Los Angeles has evolved from a celebrity-adjacent startup hub to a hotbed for San Francisco and New York transplants, as its e-commerce scene diversifies.
Today, the region’s hottest companies include marketplaces like GOAT Group, which received a $100 million investment from Foot Locker earlier this year, direct-to-consumer companies like vitamin purveyor Ritual and Unilever-owned Dollar Shave Club, consumer goods powerhouses like the Honest Company, and e-commerce platform startups like Stack Commerce and Magento, which was acquired by Adobe last year.
As a result, commerce startups say it’s easier to recruit talent, and find Los Angeles-based investors and mentors with experience in the sector than it was 10 years ago.
Tracy DiNunzio, the founder and CEO of peer-to-peer resale marketplace Tradesy, said that when she officially launched the company in 2012, it was the “generation of Beachmint.” Many of the commerce companies that popped up around 2010 were, “marrying a celebrity with some sort of product,” according to Andrew Blackmon, the co-founder and CEO of The Black Tux. That included Beachmint, which designed apparel lines in partnership with celebrities like Mary-Kate and Ashley Olsen, and Rachel Bilson, as well as TechStyle Fashion Group, which launched Fabletics with Kate Hudson and acquired Kim Kardashian and Kimora Lee Simmons’ ShoeDazzle. The most well-known exit by an e-commerce startup at the time was HauteLook, which was acquired by Nordstrom for $180 million in 2011.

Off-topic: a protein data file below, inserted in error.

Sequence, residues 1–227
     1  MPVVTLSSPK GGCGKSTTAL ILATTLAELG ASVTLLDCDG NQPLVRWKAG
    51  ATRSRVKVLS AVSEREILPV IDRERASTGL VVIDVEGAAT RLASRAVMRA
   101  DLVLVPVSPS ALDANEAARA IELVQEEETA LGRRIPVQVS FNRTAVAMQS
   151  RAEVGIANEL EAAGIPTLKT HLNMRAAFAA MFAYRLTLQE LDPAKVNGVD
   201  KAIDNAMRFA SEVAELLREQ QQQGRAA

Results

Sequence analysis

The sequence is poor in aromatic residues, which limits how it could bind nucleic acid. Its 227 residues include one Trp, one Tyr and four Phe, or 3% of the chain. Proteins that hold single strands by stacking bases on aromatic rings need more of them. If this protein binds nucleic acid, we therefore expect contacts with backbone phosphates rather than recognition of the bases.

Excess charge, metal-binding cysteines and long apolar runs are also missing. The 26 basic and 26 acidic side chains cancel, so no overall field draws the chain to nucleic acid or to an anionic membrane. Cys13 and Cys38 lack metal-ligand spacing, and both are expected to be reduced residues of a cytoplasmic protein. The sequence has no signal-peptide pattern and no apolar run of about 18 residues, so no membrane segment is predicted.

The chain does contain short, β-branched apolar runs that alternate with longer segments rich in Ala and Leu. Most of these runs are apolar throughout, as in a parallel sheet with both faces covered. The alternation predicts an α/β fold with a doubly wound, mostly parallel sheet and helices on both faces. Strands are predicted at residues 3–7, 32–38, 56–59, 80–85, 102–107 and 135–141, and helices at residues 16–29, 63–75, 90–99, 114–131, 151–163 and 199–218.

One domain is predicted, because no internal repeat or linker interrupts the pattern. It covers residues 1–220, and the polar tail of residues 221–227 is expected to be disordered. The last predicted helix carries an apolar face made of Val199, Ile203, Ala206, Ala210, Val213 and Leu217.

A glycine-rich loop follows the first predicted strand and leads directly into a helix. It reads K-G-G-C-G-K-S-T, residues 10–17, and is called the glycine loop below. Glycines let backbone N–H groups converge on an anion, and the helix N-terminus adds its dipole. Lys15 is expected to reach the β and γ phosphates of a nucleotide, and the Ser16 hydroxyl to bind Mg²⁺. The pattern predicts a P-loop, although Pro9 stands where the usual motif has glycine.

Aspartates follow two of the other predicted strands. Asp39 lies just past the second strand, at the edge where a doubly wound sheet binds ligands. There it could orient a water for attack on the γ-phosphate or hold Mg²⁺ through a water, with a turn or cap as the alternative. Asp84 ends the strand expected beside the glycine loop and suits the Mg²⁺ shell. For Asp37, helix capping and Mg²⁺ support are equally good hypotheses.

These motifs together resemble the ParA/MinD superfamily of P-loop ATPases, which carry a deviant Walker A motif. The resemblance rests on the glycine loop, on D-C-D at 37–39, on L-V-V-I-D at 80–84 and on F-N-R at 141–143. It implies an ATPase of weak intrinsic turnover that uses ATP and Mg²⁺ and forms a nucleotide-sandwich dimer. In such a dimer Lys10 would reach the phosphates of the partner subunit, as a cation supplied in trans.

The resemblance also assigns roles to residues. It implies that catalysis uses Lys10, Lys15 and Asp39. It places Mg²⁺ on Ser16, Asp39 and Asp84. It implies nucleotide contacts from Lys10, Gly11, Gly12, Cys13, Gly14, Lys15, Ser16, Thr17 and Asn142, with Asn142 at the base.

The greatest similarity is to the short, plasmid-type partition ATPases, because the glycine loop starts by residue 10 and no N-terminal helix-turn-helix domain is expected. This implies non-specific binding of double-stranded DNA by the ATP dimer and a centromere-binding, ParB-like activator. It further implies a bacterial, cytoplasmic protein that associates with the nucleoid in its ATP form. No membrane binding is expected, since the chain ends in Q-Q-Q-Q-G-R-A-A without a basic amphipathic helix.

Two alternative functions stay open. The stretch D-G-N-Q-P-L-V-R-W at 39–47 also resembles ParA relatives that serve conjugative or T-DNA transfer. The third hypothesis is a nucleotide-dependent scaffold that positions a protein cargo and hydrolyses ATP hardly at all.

“When<span style=”font-weight: 400;”> I started Tradesy, we were a bunch of totally inexperienced, very ambitious people. And it was just hard to find people who had experience. There was some commerce experience, but there was effectively no marketplaces experience,” DiNunzio said. “</span><span style=”font-weight: 400;”>So we did some recruiting from [Silicon Valley] and from New York, but it’s always hard when you have to relocate people to make those hires and to make them when you need them.”</span>
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Los Angeles did have some experienced technical talent in other areas — Greg Bettinelli, the former chief marketing officer at Haute Look and now a partner with Los Angeles’ Upfront Ventures, said that the early success of MySpace and CarsDirect turned Los Angeles into the “SEO capital of the world,” in the early to late 2000s.
“We’ve always had people here who’ve understood organic traffic acquisition,” Bettinelli said.
Now, DiNunzio said it has, in particular, become easier to find senior-level engineering talent — in part because the engineers who started at companies like Tradesy 10 years ago are now experienced engineers. DiNunzio says that she’s recruited a lot of engineers from TrueCar, a Los Angeles-based auto-pricing marketplace platform founded in 2011.